By Jackie Mora. CREATED Nov 4, 2013
Omaha, Ne- A jury finds 31-year-old Terrance Hale guilty of first-degree murder in connection with a house fire that killed an elderly man and injured his wife.
Hale was accused of breaking into the Vasholz home near 33rd & Ernst St. on February 7th and setting their home on fire. When firefighters arrived on scene they found Elizabeth “Betty” Vasholz with severe burns to her body outside her home. Crews say they put out a small fire inside the home and tried to rescue Raymond "Bob" Vasholz. He was taken to the hospital where he died. Hale was taken into custody at the scene. Betty pointed out Hale as the person who attacked her and her husband and set their home on fire. Hale said he saw the fire and tried to save them.
"I think it was wrong. I didn't do the crime, nothing," Hale said after the verdict came down.
Betty Vasholz gave powerful testimony for the jury on October 24th. The prosecution argued everything that Betty testified to be corroborated by evidence and the testimony of firefighters, police, and other witnesses. They say Hale tried to rob the couple and used control and manipulation citing specific examples. When the Vasholz didn't immediately give him money they allege Hale beat the couple, when Betty escaped hale blocked Bob's exit from the burning home, and prosecutors accuse Hale of trying to manipulate authorities into believing he was helping the couple.
The prosecution praised Betty for her strength saying if she wasn't as strong as she is she wouldn't have been able to testify against her attacker, and she may have not be alive today. They say Hale tried to manipulate every part of the crime.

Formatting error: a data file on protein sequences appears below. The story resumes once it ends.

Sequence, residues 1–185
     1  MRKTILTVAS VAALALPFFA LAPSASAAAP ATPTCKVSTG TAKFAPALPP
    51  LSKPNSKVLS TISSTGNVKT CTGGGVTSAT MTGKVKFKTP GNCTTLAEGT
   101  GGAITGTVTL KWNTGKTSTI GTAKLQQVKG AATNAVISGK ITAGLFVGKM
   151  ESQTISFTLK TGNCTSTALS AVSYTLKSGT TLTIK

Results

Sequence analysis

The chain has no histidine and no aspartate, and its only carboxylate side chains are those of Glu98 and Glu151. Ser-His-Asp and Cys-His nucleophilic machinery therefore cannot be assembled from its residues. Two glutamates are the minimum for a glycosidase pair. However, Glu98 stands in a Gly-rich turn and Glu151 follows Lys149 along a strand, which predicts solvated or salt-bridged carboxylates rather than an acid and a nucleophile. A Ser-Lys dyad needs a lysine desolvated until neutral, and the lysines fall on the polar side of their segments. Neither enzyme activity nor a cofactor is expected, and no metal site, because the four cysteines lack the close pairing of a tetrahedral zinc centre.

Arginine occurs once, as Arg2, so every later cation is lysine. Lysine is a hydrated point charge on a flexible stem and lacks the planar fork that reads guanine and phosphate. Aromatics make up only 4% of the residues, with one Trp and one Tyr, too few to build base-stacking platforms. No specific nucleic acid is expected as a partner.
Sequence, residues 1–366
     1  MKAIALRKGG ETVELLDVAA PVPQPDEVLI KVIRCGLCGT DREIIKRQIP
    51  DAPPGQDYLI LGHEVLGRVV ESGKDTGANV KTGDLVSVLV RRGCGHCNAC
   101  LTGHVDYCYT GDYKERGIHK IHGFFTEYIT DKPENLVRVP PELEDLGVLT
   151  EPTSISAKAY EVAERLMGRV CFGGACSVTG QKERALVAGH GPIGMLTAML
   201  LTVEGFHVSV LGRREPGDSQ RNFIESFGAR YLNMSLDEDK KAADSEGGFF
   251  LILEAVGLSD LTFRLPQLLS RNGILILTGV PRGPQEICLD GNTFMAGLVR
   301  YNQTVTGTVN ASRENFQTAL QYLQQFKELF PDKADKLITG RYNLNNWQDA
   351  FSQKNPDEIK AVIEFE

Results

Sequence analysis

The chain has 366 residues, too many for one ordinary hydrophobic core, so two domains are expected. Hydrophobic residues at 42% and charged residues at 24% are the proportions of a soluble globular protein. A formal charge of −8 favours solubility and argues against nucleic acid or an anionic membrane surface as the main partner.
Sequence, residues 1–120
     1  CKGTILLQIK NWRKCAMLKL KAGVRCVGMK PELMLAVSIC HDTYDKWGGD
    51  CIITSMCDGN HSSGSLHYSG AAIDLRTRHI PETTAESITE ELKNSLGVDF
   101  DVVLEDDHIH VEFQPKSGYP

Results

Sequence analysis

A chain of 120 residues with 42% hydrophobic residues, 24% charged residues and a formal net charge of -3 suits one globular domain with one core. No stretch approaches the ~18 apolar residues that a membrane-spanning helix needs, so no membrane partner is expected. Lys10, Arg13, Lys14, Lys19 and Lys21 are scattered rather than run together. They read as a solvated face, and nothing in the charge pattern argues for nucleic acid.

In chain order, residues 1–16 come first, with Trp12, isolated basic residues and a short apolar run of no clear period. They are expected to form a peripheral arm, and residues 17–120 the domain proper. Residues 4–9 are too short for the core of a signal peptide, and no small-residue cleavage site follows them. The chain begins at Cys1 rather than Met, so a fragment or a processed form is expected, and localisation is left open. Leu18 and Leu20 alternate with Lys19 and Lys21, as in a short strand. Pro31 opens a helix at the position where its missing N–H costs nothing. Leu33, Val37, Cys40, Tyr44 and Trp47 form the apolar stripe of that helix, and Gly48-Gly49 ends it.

Jim Masteller with the Douglas County Attorney's Office said, "The amount of manipulation exhibited by this defendant is extraordinary. For him to go in, commit these horrible crimes, exit, and knowing that his victim had actually proceeded him out of the house. For him to call 911, and play the hero, it's unbelievable."
Hale's defense attorney, Scott Sladek, argued that Hale's blood, nor DNA was identified in the house, and that Hale didn't have injuries consistent with assaulting two people and being in a fire. Sladek also said there's no doubt someone assaulted the Vasholz but, he explained, Betty made a mistaken identification because in two interviews after the crime she couldn't identify her attacker six different times.
"Time and information convinced her whoever was sitting in the defendant's seat is the person who did it,” Sladek argued to the jury. “It's naive to think that there couldn't have been another party in that house that attacked Mrs. Vasholz and got away."
Hale faces life in prison for the 1st Degree Murder Conviction.
The Vasholz family didn't want to comment immediately after court.